A national poll of 1500 registered voters shows a clear majority (61%) prefer a punishment other than the death penalty for murder. In recent years, about 50% of Americans preferred life imprisonment without parole to the death penalty when asked to make a choice. The new data suggests support for capital punishment may be declining. Respondents expressed many reservations about the death penalty, including cost, unfair application, and the risk of executing an innocent person.
Conducted in May 2010 by Lake Research Partners and released last week by the Death Penalty Information Center, the poll shows that, in states with the death penalty, a plurality of voters said it would make no difference in their vote if a representative supported repeal of the death penalty; and a majority (62%) said either it would make no difference or they would be more likely to vote for such a representative.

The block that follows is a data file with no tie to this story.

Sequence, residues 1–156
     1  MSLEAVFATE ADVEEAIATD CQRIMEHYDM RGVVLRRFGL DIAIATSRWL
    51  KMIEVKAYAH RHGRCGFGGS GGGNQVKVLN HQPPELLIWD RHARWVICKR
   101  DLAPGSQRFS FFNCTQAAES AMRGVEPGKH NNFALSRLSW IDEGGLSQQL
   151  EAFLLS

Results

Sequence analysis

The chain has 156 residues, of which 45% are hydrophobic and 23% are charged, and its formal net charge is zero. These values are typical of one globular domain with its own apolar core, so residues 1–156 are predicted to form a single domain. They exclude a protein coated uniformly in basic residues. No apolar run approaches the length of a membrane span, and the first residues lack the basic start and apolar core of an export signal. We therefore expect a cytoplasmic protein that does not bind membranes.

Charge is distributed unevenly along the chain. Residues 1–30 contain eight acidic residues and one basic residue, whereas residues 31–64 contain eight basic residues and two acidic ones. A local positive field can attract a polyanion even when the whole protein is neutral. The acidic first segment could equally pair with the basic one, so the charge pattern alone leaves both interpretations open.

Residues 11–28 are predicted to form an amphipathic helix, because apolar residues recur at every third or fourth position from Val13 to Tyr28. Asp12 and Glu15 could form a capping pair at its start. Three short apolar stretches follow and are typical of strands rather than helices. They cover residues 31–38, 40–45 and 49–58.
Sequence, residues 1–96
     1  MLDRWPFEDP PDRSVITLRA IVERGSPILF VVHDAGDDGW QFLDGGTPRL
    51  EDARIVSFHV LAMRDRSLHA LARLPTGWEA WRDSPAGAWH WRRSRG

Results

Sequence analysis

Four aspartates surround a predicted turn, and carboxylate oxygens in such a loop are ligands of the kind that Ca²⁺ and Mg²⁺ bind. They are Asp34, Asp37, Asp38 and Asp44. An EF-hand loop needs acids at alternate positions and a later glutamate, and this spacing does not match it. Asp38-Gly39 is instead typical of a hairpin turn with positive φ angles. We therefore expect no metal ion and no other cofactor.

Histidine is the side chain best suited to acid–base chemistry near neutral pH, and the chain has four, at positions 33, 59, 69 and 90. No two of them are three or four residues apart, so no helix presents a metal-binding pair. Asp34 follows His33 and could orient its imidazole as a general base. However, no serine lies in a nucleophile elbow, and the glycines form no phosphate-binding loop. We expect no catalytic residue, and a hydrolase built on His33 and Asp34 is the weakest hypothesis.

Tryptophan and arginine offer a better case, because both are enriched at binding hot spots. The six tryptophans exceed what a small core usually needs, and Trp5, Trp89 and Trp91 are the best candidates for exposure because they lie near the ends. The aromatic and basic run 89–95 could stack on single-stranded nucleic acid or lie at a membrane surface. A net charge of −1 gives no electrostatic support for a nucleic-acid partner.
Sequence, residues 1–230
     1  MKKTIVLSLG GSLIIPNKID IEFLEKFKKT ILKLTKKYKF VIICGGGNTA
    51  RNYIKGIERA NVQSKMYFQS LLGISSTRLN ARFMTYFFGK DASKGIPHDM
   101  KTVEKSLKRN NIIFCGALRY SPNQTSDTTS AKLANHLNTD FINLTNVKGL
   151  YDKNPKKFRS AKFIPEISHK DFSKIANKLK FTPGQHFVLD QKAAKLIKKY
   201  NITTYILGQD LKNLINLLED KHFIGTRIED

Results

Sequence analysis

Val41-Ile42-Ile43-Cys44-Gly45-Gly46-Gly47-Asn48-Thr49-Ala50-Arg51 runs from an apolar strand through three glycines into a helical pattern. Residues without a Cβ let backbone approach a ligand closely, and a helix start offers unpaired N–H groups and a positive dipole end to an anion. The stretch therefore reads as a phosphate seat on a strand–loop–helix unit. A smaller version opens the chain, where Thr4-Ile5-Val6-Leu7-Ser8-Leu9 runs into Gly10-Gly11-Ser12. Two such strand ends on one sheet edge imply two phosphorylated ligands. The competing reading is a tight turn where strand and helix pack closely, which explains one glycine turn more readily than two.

“We see a real openness to considering life with no possibility for parole as a punishment for murder and a real awareness among Americans of the many problems with the death penalty. It is likely we will see Americans moving away from support for the death penalty as states and local governments grapple with tight budgets and as today’s younger voters and Latinos move into the core of the electorate,” said pollster Celinda Lake.
Voters ranked emergency services, creating jobs, police and crime prevention, schools and libraries, public health care services, and roads and transportation as more important budget priorities than the death penalty. A majority of respondents (65%) would favor life without parole over the death penalty if the money saved were used to fund crime prevention programs.
Since the start of 2009, many states, such as Maryland, Colorado, Connecticut, Montana, and Kansas, considered legislation to repeal the death penalty (and New Mexico passed legislation repealing the death penalty), and it is expected that trend will continue in 2011.